DJ Jazzy Jeff: It’s definitely timing. I believe timing is one of the biggest things of any kind of thing that you do. It was definitely timing, but I think it was something that was relatable. I think, yes, you have your L.A.s and L.A. still gets it. They may not get it as much as New York or Philadelphia, but you do have a level of season change and going into the Summer. I think people in England get it because it’s cold all year long. They have those moments in the Summer when everybody comes out. I think more than anything he captured the emotion and the feeling that you get on a great day.

DX: The music video looks like it was shot on a “great day.”

DJ Jazzy Jeff: Yeah, it was one of those situations that we were like, “Listen, we want to have an almost family reunion, a cookout with all of our family and friends and we want to videotape it." I think people kind of got that these weren’t extras. That was my aunt or that was my childhood friend that I grew up with.

DX: Was the video filmed in Philly and around the seasonal change?

DJ Jazzy Jeff: Yes, it was. It wasn’t quite Summer. It was April or May.

DX: What are some of your fondest summertime memories in Philly? 

DJ Jazzy Jeff: We used to drive out to this place called The Plateau. You know what’s funny? And it’s going to sound so cliché, but it’s so many of the lyrics that were in “Summertime.” We used to drive out to this placed called The Plateau and everybody would park their car and turn their radio on and had a Hip Hop station on. Everybody would be playing the same music. You would sit and drink wine coolers and meet girls. Where The Plateau was, it sat up on a hill with a view of the city. You would stay out there from three o’clock in the afternoon till the sun went down and now you’re looking at this gorgeous view of the Philadelphia skyline. And it was free. That was something that we didn’t have to pay for. That wasn’t paying to go to a party. That was a Sunday afternoon when everybody kinda got together and it was all different parts of the city. That was one of the things that, I think, the generation before me and it sucked that the generation after me, they didn’t get a chance because they ended up blocking a lot off. It just gated so that they couldn’t ride up there anymore. But yeah, that was it.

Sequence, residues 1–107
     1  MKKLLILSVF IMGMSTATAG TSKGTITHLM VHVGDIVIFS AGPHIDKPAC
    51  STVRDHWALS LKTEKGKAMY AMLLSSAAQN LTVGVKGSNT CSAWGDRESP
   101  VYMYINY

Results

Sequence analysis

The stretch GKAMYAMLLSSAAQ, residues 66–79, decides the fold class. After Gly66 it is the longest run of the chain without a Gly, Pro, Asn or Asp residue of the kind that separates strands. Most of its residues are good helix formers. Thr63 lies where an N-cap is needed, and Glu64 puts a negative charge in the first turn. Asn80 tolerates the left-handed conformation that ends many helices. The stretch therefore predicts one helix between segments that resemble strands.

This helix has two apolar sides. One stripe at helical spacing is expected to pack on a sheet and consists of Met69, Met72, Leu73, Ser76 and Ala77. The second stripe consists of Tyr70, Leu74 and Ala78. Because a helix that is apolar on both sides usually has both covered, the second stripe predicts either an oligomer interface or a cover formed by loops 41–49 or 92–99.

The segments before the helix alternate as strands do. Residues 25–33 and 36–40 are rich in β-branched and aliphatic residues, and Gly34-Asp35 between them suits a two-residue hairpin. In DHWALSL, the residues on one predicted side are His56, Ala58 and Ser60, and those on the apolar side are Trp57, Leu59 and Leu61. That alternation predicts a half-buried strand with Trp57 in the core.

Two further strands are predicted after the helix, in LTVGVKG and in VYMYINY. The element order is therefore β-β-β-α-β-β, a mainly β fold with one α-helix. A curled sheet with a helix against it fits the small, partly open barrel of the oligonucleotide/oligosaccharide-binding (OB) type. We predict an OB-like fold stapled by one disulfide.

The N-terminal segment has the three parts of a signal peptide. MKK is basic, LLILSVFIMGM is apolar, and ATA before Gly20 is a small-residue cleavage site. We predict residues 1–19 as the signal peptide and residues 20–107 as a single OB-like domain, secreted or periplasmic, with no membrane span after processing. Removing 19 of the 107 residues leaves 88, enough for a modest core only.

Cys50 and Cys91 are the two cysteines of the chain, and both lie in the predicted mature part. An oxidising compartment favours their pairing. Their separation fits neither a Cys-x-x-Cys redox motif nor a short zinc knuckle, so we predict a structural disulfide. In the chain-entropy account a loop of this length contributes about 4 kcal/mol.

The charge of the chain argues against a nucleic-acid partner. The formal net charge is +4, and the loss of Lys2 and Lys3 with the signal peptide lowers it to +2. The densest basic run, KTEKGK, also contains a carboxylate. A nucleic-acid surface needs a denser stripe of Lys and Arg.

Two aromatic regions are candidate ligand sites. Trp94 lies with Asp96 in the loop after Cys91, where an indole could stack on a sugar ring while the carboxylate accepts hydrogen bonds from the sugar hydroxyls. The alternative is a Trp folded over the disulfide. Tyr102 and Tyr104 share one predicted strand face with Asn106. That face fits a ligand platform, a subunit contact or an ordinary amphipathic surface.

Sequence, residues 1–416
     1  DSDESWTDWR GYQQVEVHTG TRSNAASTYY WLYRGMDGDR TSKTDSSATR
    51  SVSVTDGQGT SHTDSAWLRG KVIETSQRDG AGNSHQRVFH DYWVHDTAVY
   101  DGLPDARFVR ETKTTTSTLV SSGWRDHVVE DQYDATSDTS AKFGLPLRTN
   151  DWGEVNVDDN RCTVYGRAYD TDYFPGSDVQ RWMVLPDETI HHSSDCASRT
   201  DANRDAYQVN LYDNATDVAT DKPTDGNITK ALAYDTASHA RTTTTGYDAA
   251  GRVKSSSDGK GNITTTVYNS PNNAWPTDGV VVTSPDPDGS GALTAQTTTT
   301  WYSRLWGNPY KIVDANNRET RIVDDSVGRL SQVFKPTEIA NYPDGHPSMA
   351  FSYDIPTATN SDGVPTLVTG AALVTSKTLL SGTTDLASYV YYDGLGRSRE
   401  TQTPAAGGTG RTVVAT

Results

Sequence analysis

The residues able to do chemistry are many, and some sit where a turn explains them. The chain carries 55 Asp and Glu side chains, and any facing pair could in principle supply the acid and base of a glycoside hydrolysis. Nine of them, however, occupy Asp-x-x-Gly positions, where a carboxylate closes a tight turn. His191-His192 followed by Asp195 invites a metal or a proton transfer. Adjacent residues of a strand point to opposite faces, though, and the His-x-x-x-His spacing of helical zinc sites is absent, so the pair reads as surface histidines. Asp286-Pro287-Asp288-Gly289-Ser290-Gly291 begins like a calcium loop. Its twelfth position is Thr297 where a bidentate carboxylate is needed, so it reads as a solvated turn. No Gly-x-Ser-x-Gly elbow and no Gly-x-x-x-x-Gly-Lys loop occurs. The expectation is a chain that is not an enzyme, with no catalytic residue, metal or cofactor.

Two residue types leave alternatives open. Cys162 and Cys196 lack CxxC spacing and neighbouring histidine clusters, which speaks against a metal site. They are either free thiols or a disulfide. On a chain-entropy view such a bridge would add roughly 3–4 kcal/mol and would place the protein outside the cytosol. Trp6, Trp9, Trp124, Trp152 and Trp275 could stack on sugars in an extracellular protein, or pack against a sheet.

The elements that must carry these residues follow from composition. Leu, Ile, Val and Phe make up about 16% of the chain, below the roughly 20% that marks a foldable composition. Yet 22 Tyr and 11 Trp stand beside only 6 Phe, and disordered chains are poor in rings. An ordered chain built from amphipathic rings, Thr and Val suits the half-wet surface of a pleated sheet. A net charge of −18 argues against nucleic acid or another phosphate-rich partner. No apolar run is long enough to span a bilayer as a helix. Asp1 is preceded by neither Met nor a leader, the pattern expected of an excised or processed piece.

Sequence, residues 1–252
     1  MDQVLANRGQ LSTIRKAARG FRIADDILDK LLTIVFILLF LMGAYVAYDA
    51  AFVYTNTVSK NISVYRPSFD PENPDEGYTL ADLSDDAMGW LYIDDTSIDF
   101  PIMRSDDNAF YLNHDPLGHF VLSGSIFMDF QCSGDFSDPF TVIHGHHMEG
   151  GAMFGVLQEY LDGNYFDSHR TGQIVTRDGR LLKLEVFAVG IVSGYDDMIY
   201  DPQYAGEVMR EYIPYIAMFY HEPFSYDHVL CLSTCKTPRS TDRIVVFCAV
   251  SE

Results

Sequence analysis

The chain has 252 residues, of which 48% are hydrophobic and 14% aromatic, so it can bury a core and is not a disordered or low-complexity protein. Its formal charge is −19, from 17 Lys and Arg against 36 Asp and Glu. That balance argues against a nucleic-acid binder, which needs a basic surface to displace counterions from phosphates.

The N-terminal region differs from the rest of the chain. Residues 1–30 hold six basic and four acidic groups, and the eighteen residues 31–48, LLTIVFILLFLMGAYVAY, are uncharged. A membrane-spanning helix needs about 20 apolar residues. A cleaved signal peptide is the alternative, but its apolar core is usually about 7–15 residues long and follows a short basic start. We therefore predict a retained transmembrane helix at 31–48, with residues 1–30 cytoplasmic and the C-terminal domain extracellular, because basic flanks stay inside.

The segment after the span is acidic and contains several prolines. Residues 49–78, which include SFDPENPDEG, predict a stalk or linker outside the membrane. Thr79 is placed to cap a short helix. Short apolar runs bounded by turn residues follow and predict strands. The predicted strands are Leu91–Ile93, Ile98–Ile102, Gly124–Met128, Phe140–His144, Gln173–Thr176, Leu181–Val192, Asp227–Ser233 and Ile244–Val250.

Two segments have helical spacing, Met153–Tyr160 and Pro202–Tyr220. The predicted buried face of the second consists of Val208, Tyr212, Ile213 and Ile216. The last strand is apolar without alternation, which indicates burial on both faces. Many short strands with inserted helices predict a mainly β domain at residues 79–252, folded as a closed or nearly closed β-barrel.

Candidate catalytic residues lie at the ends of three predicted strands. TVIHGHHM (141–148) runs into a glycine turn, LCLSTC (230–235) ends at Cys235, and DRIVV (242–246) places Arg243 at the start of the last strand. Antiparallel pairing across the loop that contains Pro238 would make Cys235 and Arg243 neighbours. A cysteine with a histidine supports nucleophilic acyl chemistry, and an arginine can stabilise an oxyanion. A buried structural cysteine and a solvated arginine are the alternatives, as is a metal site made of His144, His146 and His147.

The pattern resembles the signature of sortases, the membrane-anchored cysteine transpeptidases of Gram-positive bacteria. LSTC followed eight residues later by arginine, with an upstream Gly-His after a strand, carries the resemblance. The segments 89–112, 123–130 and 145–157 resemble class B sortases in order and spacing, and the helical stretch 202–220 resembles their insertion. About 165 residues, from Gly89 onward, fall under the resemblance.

DX: That was the spot, huh? What other songs do you feel like captured the spirit of Summer? 

DJ Jazzy Jeff: Awww, man.

DX: By the way, you and MICK (formerly Mick Boogie) have awesome Summer playlists.

DJ Jazzy Jeff: Thank you and this is our fifth year. We’re trying to do something special for our fifth year. We would really like to go around and start a series of summertime parties. I could name every record that I put on the playlist from The Isley Brothers’ “Summer Breeze” to Ice Cube’s “Today Was A Good Day.” There are so many songs that make you feel like summer and putting those playlists together are the easiest and the hardest things in the world because every time I put it together, I have 100 songs each year that I have to pick from. The hardest part is narrowing it down but it’s almost like I’m going back to the songs that I would turn on in my car while driving in the Summer.